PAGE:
Poor visibility hinders food-aid to remote areas by air


Drought killing many in these areas.

WORSENING haze conditions are stopping planes from bringing food to the remote Indonesian province of Irian Jaya where more than 150 people have died due to a drought.

Mr J.B. Wenas, head of the Jayawijaya district where food shortages have been exacerbated by cholera, said that planes and helicopters have not been able to get into the valley because of thick smoke and haze.

“We are being held back by weather conditions. It depends on whether we can reach the areas hit by the drought,” the Antara national news agency yesterday quoted him as saying.

About 500 hectares of forest in Jayawijaya, which is surrounded by mountains, is currently burning. Smoke levels have been aggravated by a local belief that making smoke encourages rain.

Irian Jaya governor Jacob Patipi said that nearly all small aircraft in the eastern province, one of the remotest in the world, have been mobilised to take food supplies to Jayawijaya which he described as a disaster area.

Antara reported that 154 people have died in the district since last month because of the lack of food and clean water in particularly 15 villages.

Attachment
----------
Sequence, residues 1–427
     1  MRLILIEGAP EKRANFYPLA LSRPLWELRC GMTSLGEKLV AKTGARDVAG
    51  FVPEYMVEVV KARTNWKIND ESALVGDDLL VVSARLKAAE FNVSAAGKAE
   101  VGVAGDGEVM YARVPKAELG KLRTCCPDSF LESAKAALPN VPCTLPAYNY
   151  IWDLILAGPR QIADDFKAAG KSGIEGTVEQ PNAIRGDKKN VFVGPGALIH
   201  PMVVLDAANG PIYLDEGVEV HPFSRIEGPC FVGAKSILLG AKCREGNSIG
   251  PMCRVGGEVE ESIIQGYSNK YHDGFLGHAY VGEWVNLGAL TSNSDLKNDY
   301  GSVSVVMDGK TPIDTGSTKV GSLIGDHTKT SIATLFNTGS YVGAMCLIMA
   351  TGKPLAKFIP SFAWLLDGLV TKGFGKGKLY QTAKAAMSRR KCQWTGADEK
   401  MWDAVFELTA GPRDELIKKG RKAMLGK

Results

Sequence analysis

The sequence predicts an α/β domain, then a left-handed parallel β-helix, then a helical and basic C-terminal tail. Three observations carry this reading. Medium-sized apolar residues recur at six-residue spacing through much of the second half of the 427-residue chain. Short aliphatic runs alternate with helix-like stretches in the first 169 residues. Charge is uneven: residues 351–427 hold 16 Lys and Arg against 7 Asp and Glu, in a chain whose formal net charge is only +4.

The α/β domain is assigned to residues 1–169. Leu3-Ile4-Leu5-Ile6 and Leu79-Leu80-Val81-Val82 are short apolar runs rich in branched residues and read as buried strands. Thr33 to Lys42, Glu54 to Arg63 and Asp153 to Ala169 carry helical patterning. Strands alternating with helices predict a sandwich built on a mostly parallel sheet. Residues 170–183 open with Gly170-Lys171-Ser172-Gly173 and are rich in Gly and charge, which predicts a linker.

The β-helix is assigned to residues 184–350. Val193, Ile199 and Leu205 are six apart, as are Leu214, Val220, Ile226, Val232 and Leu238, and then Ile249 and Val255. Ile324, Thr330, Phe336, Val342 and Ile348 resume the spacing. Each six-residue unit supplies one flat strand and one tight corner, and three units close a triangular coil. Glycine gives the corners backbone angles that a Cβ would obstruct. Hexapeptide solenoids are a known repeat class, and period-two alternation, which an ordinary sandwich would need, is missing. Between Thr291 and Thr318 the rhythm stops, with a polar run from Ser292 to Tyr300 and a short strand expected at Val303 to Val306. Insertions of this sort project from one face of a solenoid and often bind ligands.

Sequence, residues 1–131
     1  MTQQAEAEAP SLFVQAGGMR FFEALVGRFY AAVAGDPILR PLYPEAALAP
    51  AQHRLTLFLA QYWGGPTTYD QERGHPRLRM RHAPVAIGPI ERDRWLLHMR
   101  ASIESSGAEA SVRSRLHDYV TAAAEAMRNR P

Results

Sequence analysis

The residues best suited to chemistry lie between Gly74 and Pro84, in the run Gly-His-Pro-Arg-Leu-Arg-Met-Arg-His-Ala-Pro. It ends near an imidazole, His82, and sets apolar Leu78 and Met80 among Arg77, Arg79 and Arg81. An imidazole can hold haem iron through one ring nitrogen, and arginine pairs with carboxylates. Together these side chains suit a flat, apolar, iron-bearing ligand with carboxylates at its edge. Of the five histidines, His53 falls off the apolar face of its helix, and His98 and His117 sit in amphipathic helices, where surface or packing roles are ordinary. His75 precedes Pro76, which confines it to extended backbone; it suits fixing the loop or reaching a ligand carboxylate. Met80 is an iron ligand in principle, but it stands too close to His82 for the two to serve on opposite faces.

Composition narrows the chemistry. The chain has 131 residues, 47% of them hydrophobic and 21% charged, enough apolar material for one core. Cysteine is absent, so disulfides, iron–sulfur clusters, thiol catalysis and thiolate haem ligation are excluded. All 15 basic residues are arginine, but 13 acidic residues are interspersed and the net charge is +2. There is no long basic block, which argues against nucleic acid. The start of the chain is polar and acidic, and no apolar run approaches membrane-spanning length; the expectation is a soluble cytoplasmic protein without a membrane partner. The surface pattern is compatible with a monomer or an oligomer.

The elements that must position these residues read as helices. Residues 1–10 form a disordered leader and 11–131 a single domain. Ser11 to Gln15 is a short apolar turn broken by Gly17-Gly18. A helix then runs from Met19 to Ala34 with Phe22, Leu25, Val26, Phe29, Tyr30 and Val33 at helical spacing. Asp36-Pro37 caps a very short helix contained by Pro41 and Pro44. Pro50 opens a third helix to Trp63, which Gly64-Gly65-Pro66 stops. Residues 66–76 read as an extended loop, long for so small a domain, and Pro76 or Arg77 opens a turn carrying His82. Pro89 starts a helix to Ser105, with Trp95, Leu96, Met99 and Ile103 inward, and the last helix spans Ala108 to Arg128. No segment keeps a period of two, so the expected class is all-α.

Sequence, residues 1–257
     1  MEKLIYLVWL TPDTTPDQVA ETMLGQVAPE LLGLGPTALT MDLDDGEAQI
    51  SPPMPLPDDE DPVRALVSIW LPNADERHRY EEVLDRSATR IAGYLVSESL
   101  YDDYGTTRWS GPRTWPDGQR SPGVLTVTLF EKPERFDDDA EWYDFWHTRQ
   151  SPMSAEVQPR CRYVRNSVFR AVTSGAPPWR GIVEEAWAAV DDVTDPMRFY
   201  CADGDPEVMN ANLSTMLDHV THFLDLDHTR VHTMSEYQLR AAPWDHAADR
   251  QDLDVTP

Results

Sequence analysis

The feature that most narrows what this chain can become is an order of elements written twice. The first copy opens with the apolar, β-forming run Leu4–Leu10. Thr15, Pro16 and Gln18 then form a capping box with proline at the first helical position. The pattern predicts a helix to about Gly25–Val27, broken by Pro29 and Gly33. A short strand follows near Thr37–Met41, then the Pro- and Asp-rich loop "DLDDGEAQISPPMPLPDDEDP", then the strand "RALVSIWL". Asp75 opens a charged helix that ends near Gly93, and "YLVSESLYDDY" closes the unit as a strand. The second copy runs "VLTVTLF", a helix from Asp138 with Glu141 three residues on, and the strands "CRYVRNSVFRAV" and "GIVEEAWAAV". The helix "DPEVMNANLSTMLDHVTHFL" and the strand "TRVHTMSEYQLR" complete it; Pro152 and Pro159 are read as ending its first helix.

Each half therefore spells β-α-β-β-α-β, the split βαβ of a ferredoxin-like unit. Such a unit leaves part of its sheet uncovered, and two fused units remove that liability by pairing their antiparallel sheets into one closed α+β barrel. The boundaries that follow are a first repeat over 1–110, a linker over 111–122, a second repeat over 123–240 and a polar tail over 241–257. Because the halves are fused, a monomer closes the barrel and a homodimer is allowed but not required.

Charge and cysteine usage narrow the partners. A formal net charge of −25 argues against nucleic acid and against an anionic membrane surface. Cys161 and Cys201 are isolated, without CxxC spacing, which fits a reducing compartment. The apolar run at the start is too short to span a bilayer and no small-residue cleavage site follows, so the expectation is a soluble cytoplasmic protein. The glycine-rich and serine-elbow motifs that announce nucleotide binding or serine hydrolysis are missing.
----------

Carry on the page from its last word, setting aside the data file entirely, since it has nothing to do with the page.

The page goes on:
Neighbouring areas were also suffering food shortages. Mr Patipi said that the shortages had caused cholera, killing many of the victims.

He said that planes operated by the Indonesian air force and missionaries were attempting to drop food and medicine into remote areas. Ten tonnes of rice had already been sent to Wamena, the main town in Jayawijaya, and was ready to be lifted and dropped in the area.

He said that additional aid in the form of cooked yam, instant noodles and medicine will follow to ease living conditions in the face of the dry season which has yet to reach its peak.

Indonesia is facing its worst drought in half a century as the global El Nino weather pattern has threatened to postpone rain for several months.

The drought’s effects have been worsened by forest and land fires in Irian Jaya, Sumatra and Kalimantan.

Malaysia has indicated that it will send up to 400 fire-fighters in Indonesia to fight the forest fires. Two hundred would be sent to Kalimantan and another 200 to Sumatra.

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